- Rabbi Tzvi Hirsh Horowitz writes that, on the simple level, it is easy to see that Haman, being the constantly conniving, calculating political creature he is, Haman intentionally does not want to specify which nation he intends to destroy because he is concerned that the king or new queen might harbor positive feelings for the Jews. After all, it is poor form to suggest the destruction of a nation for whom the king has a positive bias.
- The Ginzei Melech writes that Haman is asserting that the Jews consider themselves an “am echad” (“one nation”) – a united front – even against those greater than them. In other words, the Jews as a unit disrespected Mordechai in attending Achashverosh’s party. Thereby, they weakened Mordechai’s ability to influence them, and therefore put themselves at risk. In Haman’s estimation, this is a weakness he can exploit to the Jews’ detriment. This feeling that all Jews are equal goes along well with the famous exchange between President Harry Truman and the first president of the State of Israel, Chaim Weizmann. When Truman complained that he was “the President of so many millions of Americans,” Weizmann replied that his own job was harder since he was “the President of a million presidents!” As a people, Jews can be hard to lead since they consider themselves united, even against authority.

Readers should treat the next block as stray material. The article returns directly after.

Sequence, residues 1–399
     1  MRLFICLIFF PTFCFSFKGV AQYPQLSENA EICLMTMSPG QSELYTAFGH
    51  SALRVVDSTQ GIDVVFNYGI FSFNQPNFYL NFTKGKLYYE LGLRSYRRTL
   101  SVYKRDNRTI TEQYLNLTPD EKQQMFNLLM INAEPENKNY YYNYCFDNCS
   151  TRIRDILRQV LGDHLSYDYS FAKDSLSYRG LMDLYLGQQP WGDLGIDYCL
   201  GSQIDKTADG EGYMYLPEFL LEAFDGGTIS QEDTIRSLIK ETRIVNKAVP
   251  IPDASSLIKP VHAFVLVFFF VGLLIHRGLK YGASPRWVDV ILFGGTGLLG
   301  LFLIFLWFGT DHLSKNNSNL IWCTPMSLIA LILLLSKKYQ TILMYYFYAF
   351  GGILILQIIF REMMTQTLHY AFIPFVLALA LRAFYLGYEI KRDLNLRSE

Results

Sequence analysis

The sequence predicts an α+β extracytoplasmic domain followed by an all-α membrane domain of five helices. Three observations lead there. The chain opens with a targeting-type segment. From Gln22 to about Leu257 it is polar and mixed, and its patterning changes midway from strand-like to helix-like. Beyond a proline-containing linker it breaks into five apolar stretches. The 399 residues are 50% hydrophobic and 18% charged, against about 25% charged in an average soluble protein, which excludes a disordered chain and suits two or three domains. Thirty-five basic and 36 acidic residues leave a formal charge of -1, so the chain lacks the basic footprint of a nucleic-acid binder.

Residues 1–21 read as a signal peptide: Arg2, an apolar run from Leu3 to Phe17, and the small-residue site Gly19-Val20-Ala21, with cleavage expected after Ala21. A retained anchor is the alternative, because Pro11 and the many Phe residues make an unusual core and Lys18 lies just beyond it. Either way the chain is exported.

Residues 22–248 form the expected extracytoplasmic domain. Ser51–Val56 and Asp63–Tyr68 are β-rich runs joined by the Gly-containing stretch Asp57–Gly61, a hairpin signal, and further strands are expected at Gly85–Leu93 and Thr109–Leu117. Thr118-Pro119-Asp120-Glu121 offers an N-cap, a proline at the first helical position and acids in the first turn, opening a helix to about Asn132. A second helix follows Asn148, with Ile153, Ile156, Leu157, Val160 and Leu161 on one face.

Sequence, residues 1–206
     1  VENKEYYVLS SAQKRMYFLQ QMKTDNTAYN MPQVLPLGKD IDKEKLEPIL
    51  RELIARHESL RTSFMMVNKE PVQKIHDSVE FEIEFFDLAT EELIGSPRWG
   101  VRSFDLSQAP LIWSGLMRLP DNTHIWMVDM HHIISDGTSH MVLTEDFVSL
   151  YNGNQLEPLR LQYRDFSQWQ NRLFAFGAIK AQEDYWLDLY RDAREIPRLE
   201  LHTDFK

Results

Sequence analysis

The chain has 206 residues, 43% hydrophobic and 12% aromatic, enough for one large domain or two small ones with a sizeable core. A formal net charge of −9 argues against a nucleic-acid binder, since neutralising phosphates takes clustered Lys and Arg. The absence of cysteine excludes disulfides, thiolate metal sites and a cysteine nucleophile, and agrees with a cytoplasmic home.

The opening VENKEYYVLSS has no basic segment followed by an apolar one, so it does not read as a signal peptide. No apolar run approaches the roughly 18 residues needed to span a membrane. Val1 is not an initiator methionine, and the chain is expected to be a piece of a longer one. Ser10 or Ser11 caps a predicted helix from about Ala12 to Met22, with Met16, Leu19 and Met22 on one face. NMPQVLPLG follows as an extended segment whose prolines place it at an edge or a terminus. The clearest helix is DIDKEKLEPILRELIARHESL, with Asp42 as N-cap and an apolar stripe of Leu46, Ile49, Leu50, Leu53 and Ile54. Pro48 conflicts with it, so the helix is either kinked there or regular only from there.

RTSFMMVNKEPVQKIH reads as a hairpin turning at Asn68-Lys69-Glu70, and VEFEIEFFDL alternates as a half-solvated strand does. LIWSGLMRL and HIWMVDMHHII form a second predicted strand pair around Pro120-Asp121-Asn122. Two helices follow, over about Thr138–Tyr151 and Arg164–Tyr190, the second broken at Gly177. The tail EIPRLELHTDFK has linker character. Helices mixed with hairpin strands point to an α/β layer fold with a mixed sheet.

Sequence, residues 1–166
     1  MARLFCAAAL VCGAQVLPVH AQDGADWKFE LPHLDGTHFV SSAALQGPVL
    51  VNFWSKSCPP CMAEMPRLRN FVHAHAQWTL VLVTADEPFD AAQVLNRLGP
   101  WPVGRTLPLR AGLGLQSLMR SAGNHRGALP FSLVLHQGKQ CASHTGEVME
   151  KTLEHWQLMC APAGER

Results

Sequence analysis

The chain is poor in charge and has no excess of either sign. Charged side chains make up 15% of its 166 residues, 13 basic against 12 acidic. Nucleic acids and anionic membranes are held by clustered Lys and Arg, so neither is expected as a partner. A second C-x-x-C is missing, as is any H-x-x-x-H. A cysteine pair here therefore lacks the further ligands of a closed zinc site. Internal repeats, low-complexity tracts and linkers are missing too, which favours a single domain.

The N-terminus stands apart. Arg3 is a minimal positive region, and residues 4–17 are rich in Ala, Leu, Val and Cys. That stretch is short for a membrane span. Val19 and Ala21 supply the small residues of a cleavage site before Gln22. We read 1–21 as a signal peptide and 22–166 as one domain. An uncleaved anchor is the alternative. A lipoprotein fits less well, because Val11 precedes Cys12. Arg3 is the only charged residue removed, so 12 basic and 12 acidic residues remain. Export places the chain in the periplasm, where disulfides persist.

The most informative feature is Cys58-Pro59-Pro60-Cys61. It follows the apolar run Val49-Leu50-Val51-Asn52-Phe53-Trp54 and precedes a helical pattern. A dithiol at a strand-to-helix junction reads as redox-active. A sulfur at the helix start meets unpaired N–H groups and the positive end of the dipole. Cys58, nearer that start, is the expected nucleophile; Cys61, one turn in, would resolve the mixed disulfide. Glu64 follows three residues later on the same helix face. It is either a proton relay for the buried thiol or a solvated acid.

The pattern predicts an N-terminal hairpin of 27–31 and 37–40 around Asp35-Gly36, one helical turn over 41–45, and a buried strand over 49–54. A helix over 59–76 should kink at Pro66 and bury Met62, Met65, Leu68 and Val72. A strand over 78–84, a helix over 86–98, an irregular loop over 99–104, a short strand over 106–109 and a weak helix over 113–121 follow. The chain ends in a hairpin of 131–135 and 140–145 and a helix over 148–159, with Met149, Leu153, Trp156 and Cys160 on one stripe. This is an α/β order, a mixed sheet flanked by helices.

- Of course, everything Haman said in the negative about the Jews has a positive side he is intentionally ignoring. After all, as Rav Samson Raphael Hirsch writes (Collected Writings, Volume II, 385-6) “The Jewish nation, however [in contrast to other nations (see Koheles 5:8)], exiled throughout the world, uniquely maintains its identity, remains a stranger among the nations and is unable to be fully absorbed.” Being an “am echad,” the Jews retain their individual nationality, allowing them to better influence the world.